The Higher ED Blog: Barriers to household and business sustainability practices
Tara Vinodrai / November 23, 2015
With the United Nations Conference on Climate Change fast-approaching, we noted that we would dedicate some of our time here at Higher Ed exploring issues related to sustainability and the green economy (starting with a new use for Ontario’s decommissioned coal plants). Debates rage about what changes are needed and what policy instrument will work best to address these issues. Much of this discussion is focused on national and international agreements, but there is also room to consider how the behaviour and practices of individuals and firms can be changed as well. This week, we review two recent major research papers completed by students in our Local Economic Development program to understand differences amongst households and firms in how they have (or have not) taken steps to reduce their impact on the environment.
Reducing household electricity consumption?
As communities begin to consider how to reduce their footprint, there remains a question about how to best achieve this goal. Recently, communities have been using approaches like social marketing campaigns, financial incentives or technology-oriented solutions to encourage lower levels of consumption in areas such as water and energy. An example of a technology-oriented solution is an energy hub management system, which is designed to empower individual locations (everything from detached homes to large manufacturing facilities) to monitor and reduce electricity consumption.
Such solutions are the focus of the University of Waterloo’s Energy Hub Management Systems (EHMS) project funded by the Ontario Centres of Excellence. However, having sophisticated smart grid technologies, like those designed by the EHMS project, does not necessarily mean that individuals will use them. Thus, in partnership with Milton Hydro, the EHMS group recruited 25 households in Milton, Ontario to participate in a pilot project where they collected data on energy consumption, use of the technology, and other household characteristics.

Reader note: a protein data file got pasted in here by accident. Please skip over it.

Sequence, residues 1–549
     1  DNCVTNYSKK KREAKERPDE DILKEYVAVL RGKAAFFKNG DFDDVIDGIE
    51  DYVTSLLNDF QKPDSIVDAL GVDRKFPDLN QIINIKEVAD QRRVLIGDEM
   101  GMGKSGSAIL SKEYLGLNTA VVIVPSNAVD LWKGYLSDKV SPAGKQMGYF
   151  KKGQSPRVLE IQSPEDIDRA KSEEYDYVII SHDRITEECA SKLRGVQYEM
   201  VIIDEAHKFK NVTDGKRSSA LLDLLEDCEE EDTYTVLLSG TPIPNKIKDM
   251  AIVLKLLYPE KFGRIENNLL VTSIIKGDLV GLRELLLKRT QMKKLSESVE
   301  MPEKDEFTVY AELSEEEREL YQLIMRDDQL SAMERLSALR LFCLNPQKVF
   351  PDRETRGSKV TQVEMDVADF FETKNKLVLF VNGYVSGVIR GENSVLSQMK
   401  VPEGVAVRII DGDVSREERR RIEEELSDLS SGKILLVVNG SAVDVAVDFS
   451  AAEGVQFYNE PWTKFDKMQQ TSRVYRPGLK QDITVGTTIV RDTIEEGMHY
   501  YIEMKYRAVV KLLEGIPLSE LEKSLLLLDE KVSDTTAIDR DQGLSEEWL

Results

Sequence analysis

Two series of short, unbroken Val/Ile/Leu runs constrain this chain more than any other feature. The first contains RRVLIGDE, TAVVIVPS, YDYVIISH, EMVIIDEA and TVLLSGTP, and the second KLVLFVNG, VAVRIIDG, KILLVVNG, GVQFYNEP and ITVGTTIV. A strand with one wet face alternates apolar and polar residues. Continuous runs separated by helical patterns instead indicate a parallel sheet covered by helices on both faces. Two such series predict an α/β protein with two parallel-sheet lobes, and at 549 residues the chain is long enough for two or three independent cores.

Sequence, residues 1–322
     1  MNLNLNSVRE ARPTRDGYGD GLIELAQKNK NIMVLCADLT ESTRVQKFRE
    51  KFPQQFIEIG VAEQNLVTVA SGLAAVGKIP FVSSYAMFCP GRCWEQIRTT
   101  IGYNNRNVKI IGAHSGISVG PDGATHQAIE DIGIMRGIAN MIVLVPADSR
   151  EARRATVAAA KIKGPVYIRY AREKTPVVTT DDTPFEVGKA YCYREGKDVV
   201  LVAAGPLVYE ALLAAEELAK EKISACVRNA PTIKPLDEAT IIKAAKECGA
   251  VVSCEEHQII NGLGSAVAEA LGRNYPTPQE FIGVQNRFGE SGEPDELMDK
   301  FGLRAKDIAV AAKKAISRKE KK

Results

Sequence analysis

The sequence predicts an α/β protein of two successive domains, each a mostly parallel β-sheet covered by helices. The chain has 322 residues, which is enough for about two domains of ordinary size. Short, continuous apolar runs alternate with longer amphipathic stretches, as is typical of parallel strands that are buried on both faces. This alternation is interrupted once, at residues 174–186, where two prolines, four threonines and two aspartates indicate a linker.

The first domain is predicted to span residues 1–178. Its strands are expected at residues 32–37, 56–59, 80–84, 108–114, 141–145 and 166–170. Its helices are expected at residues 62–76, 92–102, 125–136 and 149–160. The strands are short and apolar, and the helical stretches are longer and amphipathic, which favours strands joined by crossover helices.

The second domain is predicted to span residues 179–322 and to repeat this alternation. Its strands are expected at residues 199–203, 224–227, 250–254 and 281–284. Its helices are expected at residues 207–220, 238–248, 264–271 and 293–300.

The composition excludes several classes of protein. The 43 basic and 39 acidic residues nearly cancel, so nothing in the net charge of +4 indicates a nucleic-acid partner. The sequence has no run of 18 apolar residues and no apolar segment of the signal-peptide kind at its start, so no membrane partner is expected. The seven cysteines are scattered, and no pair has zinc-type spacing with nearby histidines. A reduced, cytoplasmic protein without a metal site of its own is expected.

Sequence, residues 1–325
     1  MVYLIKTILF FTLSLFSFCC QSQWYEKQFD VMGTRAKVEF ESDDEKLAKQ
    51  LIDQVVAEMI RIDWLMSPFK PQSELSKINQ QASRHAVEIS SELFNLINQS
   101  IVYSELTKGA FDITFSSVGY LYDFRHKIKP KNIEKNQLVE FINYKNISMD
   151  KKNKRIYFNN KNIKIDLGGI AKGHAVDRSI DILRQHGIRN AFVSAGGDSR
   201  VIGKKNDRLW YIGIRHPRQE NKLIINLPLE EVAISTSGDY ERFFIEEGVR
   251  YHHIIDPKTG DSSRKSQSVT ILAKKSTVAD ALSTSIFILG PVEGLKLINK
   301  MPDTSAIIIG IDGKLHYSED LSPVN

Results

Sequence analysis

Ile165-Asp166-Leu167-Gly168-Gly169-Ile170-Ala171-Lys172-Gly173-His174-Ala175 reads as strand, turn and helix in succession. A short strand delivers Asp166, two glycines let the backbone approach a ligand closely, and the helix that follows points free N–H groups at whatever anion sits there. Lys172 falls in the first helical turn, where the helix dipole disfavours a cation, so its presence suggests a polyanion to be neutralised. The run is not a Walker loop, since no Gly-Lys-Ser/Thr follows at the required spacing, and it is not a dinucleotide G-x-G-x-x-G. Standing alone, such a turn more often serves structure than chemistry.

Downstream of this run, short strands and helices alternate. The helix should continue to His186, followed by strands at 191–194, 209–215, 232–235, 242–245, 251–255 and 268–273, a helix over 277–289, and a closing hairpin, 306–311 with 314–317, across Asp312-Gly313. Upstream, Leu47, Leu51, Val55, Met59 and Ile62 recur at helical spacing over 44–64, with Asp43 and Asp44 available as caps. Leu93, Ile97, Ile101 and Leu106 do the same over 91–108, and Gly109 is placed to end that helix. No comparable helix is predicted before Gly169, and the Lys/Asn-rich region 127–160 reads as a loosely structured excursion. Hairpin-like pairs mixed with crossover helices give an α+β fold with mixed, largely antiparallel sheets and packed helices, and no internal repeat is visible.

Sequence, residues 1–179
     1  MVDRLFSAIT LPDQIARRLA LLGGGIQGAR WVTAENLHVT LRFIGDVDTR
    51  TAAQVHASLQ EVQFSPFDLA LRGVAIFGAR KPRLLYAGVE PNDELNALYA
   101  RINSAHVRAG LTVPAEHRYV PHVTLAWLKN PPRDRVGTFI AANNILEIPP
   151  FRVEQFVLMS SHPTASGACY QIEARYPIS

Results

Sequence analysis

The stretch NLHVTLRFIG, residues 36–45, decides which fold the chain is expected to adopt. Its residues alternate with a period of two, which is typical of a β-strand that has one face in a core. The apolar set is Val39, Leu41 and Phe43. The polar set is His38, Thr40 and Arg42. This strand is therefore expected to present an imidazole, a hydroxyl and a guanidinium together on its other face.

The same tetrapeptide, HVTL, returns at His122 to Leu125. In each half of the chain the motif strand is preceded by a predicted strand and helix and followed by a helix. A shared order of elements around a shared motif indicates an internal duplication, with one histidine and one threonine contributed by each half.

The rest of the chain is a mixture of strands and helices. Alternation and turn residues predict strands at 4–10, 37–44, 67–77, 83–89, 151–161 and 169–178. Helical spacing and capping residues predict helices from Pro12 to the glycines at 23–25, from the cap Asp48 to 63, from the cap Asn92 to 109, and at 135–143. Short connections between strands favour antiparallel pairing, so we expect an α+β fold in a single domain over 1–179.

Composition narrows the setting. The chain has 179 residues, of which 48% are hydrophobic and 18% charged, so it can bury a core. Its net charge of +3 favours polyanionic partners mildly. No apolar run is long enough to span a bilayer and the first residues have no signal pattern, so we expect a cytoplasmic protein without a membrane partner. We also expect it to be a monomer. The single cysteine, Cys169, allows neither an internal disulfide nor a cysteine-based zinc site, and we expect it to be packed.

As part of this project, Siamak Khorrami worked with his supervisor, Paul Parker, to understand how these pilot project households used the technology solution (hardware, software and mathematical modeling tools) designed and developed by the EHMS group. Siamak used the very detailed data on these 25 households to explore issues related to technology adoption. One of the questions he asked was: Are individuals with more experience with information technologies willing to use and engage with new smart grid technologies? Through carefully analyzing the data on these 25 households, Siamak did not find any strong association between households that are more tech savvy and higher levels of engagement with the EHMS. In other words, households that were more familiar and comfortable with technology did not necessarily use the EHMS systems more (or better) than other households. This challenges one of the key assumptions we make when planning and implementing community-wide solutions to environmental and economic development challenges, and certainly one that requires further exploration.
Adopting sustainability practices in the commercial real estate sector
Businesses are also increasingly asked to disclose and report on their sustainability practices. Yet, there is great unevenness both between and within sectors in terms of the uptake of various sustainability initiatives. For instance, Canada’s commercial real estate (CRE) sector lags behind domestic and international sectors in all areas of sustainability performance. From an economic development perspective, the CRE is important as it is responsible for the inventory of land available for site selection and business development. Moreover, the Canadian CRE accounts for over 340,000 jobs and makes a GDP contribution of approximately $32.5 billion annually.